CRANFORD – Union County College will host a day of events in observation of Black History Month, including a lecture on freedom, soul food, and an African-American market, on Wednesday, Feb. 10.
The seventh annual Frederick Douglass Birthday Celebration will conclude with an evening of beautiful music from the Newark Boys Chorus and the North Jersey Philharmonic Glee Club. All events will be held on the college’s Cranford campus at 1033 Springfield Avenue and are open to the public.
The day will begin with a lecture at 10:15 a.m. in the Roy Smith Theater by a renowned scholar of slavery, Dr. Peter Kolchin, professor of history at the University of Delaware. He will present, “What Kind of Freedom? The Abolition of American Slavery and Russian Serfdom.”
Kolchin specializes in nineteenth-century U. S. history, the South, slavery and emancipation, and comparative history. He is currently working on a comparative study of emancipation and its aftermath in Russia and the U.S. South.
At 11:30 a.m. in the Roy Smith Theater, college students will participate in the 21st National African American Read In. Students will read excerpts from various works of literature and poetry.
Soul food will be served in the cafeteria, right off the Richel Commons with a large selection of menu choices from 11 a.m. to 7 p.m. and cafeteria prices will apply.
From 10 a.m. to 8 p.m. in the Victor M. Richel Student Commons will be an African American market including vendors selling all types of products. For those interested in having a vendor table, contact Loren Ventrice at 1-908-709-7579 or e-mail firstname.lastname@example.org
The highlight of the evening, the Annual Dolores Collins Benjamin Memorial Concert, will begin at 7 p.m. when the young, The Newark Boys Chorus, gathers with the veteran, North Jersey Philharmonic Glee Club, to perform songs such as “This Little Light of Mine” and “Let There Be Music”.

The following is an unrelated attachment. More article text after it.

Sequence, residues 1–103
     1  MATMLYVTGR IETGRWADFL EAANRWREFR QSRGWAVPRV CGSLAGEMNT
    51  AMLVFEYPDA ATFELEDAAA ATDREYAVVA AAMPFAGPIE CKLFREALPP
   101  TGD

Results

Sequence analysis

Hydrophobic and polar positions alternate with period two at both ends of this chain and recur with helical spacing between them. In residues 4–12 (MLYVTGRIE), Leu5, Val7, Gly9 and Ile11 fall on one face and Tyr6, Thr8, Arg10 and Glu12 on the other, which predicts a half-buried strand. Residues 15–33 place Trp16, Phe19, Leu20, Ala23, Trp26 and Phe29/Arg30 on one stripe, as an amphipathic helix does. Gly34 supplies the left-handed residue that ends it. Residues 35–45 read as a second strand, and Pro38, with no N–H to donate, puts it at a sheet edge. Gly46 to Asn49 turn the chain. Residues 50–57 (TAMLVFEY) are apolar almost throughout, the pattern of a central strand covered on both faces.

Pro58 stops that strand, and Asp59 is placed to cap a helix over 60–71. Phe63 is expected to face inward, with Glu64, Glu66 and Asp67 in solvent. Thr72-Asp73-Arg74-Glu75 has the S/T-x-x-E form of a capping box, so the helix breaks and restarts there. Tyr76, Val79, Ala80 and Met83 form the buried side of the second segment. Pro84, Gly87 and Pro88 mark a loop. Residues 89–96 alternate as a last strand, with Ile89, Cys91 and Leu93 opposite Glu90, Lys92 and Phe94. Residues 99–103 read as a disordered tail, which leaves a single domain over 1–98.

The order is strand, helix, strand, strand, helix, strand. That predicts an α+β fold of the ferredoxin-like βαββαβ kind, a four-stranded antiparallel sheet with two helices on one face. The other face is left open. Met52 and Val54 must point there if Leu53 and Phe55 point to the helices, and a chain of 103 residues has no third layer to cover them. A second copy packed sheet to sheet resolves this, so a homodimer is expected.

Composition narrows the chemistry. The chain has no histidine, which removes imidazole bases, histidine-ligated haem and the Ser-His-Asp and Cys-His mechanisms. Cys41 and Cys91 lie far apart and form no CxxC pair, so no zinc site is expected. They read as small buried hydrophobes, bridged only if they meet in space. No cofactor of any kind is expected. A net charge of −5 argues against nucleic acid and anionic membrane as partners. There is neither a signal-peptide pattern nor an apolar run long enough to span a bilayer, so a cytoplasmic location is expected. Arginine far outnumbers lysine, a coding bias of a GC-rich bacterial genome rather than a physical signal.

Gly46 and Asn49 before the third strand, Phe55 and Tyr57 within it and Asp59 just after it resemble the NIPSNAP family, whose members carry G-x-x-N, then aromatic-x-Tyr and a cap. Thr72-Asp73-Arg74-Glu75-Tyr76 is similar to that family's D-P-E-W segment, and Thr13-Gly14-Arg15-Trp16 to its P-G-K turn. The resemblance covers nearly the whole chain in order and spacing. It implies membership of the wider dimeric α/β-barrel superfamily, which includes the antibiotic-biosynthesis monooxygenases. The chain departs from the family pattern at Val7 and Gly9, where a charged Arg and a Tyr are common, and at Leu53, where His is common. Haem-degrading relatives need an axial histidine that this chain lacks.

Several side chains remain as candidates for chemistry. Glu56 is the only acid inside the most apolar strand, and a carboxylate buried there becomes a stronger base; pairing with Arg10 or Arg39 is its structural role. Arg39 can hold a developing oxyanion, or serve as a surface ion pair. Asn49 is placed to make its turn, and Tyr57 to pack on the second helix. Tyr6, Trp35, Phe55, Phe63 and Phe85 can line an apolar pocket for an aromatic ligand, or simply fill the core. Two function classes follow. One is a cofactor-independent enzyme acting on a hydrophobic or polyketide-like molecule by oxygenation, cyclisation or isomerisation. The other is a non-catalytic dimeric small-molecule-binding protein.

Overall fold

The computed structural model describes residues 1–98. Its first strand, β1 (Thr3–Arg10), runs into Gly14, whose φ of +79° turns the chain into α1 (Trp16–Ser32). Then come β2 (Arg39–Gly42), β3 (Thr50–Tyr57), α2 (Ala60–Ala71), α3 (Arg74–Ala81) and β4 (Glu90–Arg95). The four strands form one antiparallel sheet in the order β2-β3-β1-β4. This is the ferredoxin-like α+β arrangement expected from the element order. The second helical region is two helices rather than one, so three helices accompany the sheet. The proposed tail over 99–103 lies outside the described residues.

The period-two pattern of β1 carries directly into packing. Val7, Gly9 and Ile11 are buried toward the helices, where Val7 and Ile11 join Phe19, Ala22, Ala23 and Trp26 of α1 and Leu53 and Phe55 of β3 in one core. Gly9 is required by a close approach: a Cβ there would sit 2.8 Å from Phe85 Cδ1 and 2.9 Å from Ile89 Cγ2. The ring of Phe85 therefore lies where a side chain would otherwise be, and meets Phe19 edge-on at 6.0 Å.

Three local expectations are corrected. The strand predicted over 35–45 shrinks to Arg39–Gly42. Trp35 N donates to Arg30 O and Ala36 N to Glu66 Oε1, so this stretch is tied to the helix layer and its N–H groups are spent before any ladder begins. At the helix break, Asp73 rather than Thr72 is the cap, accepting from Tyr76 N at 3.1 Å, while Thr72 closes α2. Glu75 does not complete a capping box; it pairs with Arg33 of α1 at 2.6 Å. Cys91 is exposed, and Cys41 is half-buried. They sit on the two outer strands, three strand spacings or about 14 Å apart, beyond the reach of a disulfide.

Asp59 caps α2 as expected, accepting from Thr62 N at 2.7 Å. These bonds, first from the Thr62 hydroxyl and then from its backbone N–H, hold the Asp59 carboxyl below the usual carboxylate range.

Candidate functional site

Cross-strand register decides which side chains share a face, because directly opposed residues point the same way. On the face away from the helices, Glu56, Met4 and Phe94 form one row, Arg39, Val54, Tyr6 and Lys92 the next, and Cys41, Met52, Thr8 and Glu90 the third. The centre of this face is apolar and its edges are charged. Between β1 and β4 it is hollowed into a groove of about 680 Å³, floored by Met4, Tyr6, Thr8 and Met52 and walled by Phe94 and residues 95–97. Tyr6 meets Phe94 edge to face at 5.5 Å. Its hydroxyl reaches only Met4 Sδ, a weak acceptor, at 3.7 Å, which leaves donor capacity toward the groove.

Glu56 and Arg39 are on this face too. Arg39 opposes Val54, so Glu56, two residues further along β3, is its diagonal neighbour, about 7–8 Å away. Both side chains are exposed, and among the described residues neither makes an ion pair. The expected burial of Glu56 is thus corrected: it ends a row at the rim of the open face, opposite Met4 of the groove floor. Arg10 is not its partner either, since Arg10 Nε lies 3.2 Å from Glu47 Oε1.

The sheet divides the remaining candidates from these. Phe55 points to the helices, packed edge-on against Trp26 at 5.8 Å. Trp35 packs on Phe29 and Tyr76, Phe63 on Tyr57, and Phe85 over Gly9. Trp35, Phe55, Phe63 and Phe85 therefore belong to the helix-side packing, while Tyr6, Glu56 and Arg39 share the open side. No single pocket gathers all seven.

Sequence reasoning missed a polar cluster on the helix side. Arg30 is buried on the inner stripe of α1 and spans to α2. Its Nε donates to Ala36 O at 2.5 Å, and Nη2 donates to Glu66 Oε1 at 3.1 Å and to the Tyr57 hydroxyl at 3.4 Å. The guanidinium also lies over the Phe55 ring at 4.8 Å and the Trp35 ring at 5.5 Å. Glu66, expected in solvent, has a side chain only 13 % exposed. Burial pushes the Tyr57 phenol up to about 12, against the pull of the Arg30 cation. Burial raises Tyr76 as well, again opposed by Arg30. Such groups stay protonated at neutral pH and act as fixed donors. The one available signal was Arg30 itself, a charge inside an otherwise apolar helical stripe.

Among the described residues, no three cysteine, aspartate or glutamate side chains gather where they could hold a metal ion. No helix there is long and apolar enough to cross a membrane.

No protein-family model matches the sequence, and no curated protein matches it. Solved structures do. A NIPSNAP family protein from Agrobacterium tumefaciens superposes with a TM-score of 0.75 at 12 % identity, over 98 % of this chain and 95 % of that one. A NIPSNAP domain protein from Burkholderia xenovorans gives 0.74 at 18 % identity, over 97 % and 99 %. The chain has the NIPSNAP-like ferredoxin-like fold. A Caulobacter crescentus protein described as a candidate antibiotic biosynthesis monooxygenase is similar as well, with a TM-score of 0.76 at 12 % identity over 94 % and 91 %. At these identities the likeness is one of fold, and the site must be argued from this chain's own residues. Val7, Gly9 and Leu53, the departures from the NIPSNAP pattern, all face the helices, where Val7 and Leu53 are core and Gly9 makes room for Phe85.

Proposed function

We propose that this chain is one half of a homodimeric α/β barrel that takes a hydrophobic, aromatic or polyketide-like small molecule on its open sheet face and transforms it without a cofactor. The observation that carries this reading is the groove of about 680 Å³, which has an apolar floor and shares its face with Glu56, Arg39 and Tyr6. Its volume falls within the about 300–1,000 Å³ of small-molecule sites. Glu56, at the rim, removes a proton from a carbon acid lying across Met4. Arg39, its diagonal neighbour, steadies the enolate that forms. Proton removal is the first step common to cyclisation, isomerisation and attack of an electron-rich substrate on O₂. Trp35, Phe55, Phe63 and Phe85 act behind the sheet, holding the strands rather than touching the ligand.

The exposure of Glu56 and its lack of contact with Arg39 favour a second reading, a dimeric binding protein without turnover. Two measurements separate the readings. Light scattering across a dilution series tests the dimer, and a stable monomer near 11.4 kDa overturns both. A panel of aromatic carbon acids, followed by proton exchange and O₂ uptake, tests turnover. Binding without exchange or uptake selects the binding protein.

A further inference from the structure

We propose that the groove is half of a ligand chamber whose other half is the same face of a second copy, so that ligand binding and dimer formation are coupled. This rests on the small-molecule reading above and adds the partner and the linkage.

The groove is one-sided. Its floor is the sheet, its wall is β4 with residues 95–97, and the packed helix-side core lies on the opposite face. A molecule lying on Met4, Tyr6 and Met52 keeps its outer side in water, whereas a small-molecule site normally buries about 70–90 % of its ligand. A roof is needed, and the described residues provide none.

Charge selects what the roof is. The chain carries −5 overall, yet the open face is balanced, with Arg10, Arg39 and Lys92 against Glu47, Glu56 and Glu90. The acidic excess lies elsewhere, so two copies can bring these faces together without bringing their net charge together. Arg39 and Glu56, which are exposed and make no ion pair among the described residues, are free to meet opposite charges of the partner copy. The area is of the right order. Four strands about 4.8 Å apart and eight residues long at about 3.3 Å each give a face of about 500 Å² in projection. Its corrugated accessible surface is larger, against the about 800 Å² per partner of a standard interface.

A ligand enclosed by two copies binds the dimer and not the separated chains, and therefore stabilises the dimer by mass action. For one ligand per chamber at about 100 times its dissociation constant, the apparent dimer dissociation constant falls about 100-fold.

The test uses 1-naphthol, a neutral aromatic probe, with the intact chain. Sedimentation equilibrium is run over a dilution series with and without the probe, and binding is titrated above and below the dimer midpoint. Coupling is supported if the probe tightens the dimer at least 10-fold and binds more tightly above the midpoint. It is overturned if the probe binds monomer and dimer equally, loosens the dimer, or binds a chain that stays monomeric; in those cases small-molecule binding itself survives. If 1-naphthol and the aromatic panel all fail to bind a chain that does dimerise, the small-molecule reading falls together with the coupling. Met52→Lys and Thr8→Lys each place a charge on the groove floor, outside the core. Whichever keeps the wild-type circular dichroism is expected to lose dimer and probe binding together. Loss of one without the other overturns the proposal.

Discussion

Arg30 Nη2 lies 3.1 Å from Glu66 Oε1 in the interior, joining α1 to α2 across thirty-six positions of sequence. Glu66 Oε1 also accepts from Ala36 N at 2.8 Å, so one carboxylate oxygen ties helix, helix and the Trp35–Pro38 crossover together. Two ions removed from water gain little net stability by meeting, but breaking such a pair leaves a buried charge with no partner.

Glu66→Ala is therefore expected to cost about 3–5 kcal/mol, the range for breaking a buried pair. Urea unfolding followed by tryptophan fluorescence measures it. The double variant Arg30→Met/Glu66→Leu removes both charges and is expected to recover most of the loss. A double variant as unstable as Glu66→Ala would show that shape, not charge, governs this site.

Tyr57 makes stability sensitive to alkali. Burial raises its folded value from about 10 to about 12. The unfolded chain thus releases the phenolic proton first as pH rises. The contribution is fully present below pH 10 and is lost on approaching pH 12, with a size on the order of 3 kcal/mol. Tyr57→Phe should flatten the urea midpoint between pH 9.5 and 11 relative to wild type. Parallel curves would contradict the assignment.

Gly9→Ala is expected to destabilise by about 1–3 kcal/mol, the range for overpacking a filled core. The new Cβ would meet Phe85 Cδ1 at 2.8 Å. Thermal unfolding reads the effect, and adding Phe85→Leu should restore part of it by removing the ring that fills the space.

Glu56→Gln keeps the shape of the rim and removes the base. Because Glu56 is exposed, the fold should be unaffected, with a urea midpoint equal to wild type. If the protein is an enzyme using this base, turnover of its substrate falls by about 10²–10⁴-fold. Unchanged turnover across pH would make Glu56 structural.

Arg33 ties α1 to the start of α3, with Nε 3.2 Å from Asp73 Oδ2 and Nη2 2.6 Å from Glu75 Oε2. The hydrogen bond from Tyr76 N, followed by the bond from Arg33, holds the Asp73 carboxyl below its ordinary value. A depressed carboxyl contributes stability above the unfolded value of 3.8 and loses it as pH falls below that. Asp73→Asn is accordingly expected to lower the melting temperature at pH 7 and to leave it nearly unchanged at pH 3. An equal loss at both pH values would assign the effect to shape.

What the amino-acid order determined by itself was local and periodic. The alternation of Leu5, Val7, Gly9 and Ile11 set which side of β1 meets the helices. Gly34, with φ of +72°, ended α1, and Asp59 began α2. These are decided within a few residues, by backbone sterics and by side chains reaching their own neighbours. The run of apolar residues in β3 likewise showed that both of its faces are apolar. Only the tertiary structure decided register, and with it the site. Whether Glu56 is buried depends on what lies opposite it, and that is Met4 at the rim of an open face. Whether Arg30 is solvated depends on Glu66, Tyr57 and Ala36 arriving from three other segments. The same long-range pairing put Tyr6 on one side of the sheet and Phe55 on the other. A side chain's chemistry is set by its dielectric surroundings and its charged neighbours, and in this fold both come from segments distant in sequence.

The Newark Boys Chorus School was originally the New Jersey Symphony Boys Choir in 1966. The original chorus was formed with the New Jersey Symphony who needed “angels’ voices” for the “Dance of the Snowflakes” in their production of Tchaikowsky’s “Nutcracker”. It was James R. McCarthy who undertook the task and found 66 “angels” for use in the production. On Dec. 26, 1966, the chorus finally joined the New Jersey Symphony and the Garden State Ballet in a complete production of the “Nutcracker.”
The chorus’s debut performance was so successful and received such critical acclaim, that additional performances were demanded, which ultimately led to the opening of the Newark Boys Choir School on Sept. 15, 1969. In September 1972, the school adopted the name Newark Boys Choir, which later became the Newark Boys Chorus School.
Known as Newark’s “musical ambassadors,” the chorus has been heard throughout the world with a diversified repertoire that includes traditional classical music, spirituals, folk music, and jazz. In recent years the boys have toured Australia, South Africa, the Caribbean, Finland, Latvia, and Russia. The Newark Boys Chorus has performed in prestigious venues such as Carnegie Hall, Kennedy Center for the Performing Arts, Lincoln Center, and the New Jersey Performing Arts Center. In June 2006, the chorus again performed at Carnegie Hall in a program that included music by Randall Thompson and Rene Clausen.
The more mature North Jersey Philharmonic Glee Club was established in 1939 by the late Delores Collins Benjamin. The young male singers were all from Newark’s old Third Ward. The Philharmonics saw singing as a powerful cultural artifact. During the early years of the glee club, singing was used as a vehicle for expression and a manly ritual. It was a way to preserve style, discipline, and camaraderie. It was also a way to keep alive old traditions from the time of slavery and at the dawn of Afro-American freedom.
The Newark Boys Chorus and the North Jersey Philharmonic Glee Club perform together on one stage. Photo courtesy of Union County College
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